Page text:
Her winning works are both figurative and abstract and include a three- piece series, Sometimes A River, based on six-week's observations of the outback. Another work, Gibber Desert Constellation, depicts a stony desert without sky.
The artist, the daughter of novelist Frederic Raphael, is best known for her portraiture, and her work can be seen in the Fitzwilliam Museum, Cambridge, and the Metropolitan Museum, New York.
Raphael said: "I'm absolutely thrilled ... You never expect to win things but you have nothing to lose by entering competitions. What matters is that you feel you are getting better - it is dangerous to think of awards meaning a great deal but this is just really nice."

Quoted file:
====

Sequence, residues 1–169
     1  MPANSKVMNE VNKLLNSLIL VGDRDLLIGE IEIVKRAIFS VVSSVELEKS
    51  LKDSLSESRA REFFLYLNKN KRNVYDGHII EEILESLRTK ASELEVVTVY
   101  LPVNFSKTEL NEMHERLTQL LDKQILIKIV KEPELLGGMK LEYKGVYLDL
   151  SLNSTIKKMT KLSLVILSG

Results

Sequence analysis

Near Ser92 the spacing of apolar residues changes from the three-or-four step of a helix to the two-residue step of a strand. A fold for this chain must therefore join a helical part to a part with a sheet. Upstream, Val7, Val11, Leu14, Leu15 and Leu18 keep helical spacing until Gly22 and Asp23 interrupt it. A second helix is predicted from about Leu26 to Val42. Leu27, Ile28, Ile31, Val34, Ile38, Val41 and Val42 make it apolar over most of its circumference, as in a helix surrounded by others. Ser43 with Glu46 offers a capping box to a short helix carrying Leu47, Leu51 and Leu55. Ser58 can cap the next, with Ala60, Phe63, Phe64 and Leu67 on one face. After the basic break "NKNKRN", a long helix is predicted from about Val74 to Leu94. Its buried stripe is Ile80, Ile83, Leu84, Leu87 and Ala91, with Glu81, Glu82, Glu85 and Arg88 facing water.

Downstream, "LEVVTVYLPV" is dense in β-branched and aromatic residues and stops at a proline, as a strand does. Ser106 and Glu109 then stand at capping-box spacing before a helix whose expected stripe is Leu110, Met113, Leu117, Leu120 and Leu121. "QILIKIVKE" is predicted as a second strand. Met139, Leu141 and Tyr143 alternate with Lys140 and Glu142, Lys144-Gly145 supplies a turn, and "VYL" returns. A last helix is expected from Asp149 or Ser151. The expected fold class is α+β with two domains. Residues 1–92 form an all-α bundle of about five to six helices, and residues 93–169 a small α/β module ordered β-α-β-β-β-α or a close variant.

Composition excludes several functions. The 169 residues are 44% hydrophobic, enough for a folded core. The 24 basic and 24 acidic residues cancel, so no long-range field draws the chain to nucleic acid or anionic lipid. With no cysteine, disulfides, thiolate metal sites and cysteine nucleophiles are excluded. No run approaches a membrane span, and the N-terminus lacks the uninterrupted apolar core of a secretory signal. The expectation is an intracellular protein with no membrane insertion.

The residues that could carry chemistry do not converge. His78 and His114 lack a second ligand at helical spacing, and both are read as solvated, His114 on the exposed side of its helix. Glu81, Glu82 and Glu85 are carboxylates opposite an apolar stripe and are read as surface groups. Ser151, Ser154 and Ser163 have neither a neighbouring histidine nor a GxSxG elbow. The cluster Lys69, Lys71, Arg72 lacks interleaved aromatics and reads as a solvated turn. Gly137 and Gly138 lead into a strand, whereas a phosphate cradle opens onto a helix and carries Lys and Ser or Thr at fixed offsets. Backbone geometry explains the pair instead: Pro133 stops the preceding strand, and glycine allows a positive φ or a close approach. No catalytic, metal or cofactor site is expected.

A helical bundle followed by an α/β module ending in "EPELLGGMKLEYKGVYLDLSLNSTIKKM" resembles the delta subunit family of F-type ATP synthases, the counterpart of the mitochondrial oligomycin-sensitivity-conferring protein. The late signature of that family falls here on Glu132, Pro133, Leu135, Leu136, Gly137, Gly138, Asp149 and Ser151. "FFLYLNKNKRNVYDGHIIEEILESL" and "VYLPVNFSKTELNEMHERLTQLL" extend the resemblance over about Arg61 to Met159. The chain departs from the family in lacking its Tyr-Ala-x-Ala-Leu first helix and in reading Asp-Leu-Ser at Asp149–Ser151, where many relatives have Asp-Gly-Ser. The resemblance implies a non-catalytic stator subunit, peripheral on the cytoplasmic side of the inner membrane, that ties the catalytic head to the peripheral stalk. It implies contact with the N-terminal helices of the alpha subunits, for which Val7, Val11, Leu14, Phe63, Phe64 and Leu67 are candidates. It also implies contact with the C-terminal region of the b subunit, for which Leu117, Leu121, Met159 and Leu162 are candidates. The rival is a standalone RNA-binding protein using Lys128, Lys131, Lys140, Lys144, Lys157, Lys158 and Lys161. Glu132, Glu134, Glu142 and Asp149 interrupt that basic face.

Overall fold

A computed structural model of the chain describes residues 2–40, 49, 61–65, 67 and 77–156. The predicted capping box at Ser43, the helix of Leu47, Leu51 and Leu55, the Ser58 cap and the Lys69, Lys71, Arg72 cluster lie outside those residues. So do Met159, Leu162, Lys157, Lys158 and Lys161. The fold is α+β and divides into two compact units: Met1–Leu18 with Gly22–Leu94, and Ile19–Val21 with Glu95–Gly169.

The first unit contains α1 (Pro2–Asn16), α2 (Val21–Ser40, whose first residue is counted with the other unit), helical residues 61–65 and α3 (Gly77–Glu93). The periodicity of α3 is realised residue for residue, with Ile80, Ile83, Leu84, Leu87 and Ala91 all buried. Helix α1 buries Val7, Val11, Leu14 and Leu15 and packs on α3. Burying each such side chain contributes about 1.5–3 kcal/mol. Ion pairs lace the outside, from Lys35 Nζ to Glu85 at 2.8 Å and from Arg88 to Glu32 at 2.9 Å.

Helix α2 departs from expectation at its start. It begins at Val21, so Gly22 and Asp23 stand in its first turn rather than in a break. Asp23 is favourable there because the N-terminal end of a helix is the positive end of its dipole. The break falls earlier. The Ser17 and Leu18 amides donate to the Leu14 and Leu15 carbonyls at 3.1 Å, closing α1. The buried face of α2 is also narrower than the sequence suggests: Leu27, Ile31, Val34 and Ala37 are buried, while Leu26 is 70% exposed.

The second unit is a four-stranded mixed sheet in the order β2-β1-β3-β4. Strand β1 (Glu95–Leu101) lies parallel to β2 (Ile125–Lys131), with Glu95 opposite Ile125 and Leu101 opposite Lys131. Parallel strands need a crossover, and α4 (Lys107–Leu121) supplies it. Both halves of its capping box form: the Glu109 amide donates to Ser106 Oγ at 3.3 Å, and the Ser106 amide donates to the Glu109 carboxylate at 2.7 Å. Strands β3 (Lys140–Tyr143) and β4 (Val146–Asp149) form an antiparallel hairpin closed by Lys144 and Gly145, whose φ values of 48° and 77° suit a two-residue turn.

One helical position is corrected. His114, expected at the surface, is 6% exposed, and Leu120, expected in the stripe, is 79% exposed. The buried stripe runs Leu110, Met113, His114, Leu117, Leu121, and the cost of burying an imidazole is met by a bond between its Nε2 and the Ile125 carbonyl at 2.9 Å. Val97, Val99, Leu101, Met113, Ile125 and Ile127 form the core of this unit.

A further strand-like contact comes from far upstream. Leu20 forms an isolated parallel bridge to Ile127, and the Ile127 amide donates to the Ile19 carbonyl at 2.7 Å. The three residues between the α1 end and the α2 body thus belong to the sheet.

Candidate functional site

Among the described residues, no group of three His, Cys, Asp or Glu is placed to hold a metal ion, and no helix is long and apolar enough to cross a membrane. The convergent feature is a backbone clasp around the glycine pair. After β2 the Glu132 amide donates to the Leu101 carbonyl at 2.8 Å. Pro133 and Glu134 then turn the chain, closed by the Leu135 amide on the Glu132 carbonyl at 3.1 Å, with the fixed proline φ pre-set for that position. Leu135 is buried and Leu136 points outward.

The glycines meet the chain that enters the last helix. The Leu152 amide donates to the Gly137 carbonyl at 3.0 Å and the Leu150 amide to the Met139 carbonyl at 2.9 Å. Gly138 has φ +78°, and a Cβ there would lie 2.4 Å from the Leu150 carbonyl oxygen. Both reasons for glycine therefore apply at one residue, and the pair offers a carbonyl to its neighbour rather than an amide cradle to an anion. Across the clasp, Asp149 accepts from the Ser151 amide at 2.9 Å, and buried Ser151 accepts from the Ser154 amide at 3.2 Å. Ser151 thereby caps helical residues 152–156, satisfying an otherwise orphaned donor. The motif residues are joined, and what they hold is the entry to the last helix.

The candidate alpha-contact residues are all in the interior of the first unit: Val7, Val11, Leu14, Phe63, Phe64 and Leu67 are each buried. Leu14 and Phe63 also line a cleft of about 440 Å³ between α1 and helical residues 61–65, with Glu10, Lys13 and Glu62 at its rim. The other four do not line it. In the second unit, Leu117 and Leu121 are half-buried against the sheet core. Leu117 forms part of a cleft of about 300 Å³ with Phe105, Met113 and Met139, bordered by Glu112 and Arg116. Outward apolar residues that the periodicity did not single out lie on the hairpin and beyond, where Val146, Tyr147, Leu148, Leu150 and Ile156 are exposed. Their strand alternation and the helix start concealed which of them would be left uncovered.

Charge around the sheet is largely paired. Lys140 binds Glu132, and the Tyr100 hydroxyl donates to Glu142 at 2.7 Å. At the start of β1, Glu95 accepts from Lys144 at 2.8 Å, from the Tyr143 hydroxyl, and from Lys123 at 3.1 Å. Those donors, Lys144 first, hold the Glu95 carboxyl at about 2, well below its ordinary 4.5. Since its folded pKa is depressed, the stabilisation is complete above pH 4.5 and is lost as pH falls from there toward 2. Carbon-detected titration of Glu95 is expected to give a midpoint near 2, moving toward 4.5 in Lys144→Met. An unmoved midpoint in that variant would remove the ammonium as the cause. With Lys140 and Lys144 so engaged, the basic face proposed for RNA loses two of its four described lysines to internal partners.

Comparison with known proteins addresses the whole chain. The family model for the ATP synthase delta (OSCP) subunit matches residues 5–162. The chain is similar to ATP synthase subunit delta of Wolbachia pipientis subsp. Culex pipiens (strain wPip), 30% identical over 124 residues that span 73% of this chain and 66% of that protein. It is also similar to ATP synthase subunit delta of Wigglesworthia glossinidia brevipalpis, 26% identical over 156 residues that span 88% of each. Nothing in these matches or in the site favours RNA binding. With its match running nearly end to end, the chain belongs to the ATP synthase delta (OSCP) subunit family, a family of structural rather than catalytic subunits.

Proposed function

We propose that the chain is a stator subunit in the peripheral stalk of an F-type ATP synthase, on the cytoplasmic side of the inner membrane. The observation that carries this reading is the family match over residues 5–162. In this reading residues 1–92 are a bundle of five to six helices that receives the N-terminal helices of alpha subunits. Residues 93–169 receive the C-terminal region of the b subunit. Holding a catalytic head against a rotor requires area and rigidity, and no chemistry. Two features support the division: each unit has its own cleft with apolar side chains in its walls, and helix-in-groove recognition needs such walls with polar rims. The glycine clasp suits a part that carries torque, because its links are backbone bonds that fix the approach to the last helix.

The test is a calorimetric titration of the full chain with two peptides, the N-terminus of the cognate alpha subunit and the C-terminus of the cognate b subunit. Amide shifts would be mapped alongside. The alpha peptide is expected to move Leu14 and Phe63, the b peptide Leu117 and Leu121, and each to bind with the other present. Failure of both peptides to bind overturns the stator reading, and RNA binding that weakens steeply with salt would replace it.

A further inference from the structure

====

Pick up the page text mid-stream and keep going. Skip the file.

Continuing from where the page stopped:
Her studio is a tranquil converted coach house in Camberwell, south- east London. "It's a lovely spot because no one knows I'm here. I discipline myself to painting every day, it's like any other job," she said.
Frances Borden, 25, of Bampton, Devon, won the pounds 10,000 second prize. Charlotte Sorapure, 27, of Blackheath, south London, and Sarah Florence, 32, of Norwich, shared the pounds 5,000 award for third place. A student award of pounds 1,000 went to Harriet Barber, 27, of Blandford, Dorset.
The judges included Lord Gowrie, chairman of the Arts Council, and Tim Clifford, director of the National Gallery of Scotland.Reuse content